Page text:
(Above: Demonstrating dry felting and making fiber bookmarks at the Mini Maker Faire at EdVenture, the Children's Museum in Columbia, South Carolina. Click on any image to enlarge.)
Last Saturday I had a total blast at EdVenture, the Children's Museum, here in Columbia, South Carolina. I was part of their Mini Maker Faire, a licensed event from Maker Faire. The Maker Faire website explains:
Part science fair, part county fair, and part something entirely new, Maker Faire is an all-ages gathering of tech enthusiasts, crafters, educators, tinkerers, hobbyists, engineers, science clubs, authors, artists, students, and commercial exhibitors. All of these “makers” come to Maker Faire to show what they have made and to share what they have learned.
(Above: Making dry felted bookmarks at the Mini Maker Faire.)
To be a "maker", I had to apply, be accepted, set up, and spend the day sharing! That's exactly what I did ... with "kids" of all ages, from three to around seventy-five. I brought my Babylock embellisher, a stack of over 140 strips of Pellon's heaviest and stiffest non-fusible interfacing, four balls of variegated yarn, some small examples of my work, and a container of previously cut, multi-colored triangles of craft felt. As soon as the doors opened, I started showing people how to take these things and make bookmarks.
(Above: Making dry felted bookmarks.)
My husband Steve came in the afternoon and snapped a bunch of photos and even shot some videos. I created a little YouTube video. It is HERE. It was 5:00 PM before I knew it. There are more photos at the bottom of this blog post.
(Above: Mounting Stained Glass XXXVIII.)
Since then, I've finished melting, mounting, and framing the commissioned piece, Stained Glass XXXVIII. It is being delivered to Ellen Taylor Interiors later this afternoon. I've also created four small pieces in my "In Box" series which now need melted and framed. Thus, I'll be back in the garage wearing my ventilator masks very soon!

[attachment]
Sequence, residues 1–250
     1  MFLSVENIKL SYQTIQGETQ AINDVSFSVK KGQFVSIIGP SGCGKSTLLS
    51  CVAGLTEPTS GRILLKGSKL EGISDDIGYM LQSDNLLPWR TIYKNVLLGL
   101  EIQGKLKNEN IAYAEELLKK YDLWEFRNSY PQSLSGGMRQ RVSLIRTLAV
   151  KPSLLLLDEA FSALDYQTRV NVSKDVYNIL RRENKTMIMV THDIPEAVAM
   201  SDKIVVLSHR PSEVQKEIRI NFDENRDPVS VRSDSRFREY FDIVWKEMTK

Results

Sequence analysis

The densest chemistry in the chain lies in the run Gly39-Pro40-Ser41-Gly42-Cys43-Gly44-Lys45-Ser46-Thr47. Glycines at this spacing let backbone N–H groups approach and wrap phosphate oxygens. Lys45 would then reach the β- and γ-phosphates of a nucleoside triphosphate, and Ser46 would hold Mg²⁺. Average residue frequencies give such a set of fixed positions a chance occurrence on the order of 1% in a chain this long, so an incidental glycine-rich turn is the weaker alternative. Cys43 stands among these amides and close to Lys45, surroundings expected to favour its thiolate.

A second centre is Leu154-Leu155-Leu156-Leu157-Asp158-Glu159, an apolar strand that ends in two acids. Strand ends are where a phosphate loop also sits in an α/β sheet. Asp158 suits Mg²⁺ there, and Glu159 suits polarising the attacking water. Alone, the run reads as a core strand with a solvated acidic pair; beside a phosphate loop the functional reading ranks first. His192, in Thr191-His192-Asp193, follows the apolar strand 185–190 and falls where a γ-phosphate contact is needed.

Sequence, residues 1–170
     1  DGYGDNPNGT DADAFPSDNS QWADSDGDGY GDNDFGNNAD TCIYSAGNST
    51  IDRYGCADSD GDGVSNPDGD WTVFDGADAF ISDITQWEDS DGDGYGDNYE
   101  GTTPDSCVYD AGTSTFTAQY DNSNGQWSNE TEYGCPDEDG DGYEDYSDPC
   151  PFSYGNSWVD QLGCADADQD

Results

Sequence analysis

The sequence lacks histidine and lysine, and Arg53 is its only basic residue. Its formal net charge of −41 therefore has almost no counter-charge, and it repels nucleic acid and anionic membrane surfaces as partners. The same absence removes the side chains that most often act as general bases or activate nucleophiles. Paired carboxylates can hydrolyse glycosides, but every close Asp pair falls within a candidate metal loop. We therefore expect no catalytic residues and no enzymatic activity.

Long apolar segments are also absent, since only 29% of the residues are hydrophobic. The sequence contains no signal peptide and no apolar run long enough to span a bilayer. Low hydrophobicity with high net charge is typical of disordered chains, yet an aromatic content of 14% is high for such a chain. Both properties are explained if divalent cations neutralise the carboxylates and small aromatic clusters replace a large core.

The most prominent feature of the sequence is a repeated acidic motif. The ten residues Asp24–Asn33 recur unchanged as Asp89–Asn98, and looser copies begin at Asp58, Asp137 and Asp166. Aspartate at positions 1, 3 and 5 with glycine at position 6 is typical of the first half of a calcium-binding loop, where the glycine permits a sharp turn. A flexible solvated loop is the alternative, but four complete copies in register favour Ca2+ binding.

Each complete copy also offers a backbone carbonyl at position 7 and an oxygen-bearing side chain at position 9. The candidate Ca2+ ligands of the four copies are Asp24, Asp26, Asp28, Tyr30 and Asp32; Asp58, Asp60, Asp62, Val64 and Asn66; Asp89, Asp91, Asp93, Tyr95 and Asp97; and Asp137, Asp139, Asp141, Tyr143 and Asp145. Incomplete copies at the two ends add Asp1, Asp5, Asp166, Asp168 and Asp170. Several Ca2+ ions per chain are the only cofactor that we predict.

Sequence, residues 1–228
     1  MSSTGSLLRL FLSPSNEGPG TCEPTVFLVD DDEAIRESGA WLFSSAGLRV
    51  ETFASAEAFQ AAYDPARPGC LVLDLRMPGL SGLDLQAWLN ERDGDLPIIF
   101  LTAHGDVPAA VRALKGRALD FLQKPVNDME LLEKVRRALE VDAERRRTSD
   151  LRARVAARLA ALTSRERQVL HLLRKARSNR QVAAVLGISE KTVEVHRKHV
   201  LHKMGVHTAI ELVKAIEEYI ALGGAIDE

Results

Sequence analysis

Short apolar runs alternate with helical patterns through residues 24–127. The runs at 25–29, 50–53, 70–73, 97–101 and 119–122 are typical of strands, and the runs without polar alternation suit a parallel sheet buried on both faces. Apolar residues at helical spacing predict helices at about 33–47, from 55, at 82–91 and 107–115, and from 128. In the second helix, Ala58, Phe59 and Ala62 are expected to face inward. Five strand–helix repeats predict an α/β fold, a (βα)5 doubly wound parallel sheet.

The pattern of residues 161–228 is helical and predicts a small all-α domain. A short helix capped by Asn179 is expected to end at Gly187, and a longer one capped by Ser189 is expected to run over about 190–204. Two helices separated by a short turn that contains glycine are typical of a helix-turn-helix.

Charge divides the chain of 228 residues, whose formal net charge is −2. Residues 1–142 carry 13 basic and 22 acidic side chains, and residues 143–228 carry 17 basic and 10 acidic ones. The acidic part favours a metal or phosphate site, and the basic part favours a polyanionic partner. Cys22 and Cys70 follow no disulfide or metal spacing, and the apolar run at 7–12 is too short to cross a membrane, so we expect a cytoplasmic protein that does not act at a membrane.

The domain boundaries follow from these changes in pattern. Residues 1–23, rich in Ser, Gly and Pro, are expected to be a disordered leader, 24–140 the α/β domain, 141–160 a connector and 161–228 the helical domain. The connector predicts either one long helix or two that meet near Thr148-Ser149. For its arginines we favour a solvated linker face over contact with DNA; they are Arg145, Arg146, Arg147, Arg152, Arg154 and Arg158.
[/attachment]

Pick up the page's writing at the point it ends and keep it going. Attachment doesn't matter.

(Above: Saguaro Cactus in bloom. Click on any image to enlarge.)
Also, I finally finished working with all the images Steve and I shot while in Arizona. Sure, I posted the pictures from my solo show, Decision Portraits, at Vision Gallery ... but I had hundreds more to sort through. I created a Flickr! set of the image from our half-day trip to Roosevelt Dam, our time in Organ Cactus National Monument, the visit to the Yuma Territorial Prison State Park, and Quartzsite HERE. (As a slideshow ... click here!) Yet, our favorite part of the trip was going to Castle Dome Mining Ghost Town. I arrived with a fully charged camera battery and shot until it died. THIS PLACE IS AWESOME!
(Above: A general view at Castle Dome Mining Ghost Town.)
Steve and I didn't know that it really wasn't supposed to be "open". We got lucky and arrived at the exact same time as a van full of people who were brought from a mental health facility as a form of "art/history/therapy". They knew to call ahead. (THANK GOODNESS!) Well, we got to enter the place with them. They left after less than an hour. We stayed for over four ... enough time that the owner/manager, Mr. Allen Armstrong, told us simply to make sure the gate was locked on our way out!
Basically, we had this marvelous 30+ structure ghost town to ourselves on a picture perfect day in the middle of "nowhere" Arizona. FANTASTIC! I deleted over half the photos I shot but still ended up with about 221 left. The Flickr! set is HERE. (For my Dad ... the slideshow is HERE!) One travel review writes:
Since buying the property in 1993, Allen and Stephanie Armstrong have created a sprawling museum. They started with a handful of original buildings still standing. More structures were hauled in from outlying mines, while others were constructed on-site using salvaged materials. Today, visitors can prowl through 50 buildings, including a hotel, doctor's office, church (with functional bell tower), blacksmith shop, assay office, sheriff's office, jail and several saloons. And you'll be hard pressed to determine which buildings are original and which are re-creations.
Our time at Castle Dome was magical, inspiration, and an adventure all its own. I highly recommend the place ... to ANYONE! It was so worth the drive down an unpaved, 10-mile desert road!
(Above and below ... more photos from Castle Dome Mining Museum and Ghost Town. All images can be clicked on for closer inspection. Further below are more images from the Mini Maker Faire at EdVenture where I demonstrated dry felting by machine and made bookmarks with kids of all ages. Enjoy the photos!)
(Further below are the images from EdVenture's Mini Maker Faire.)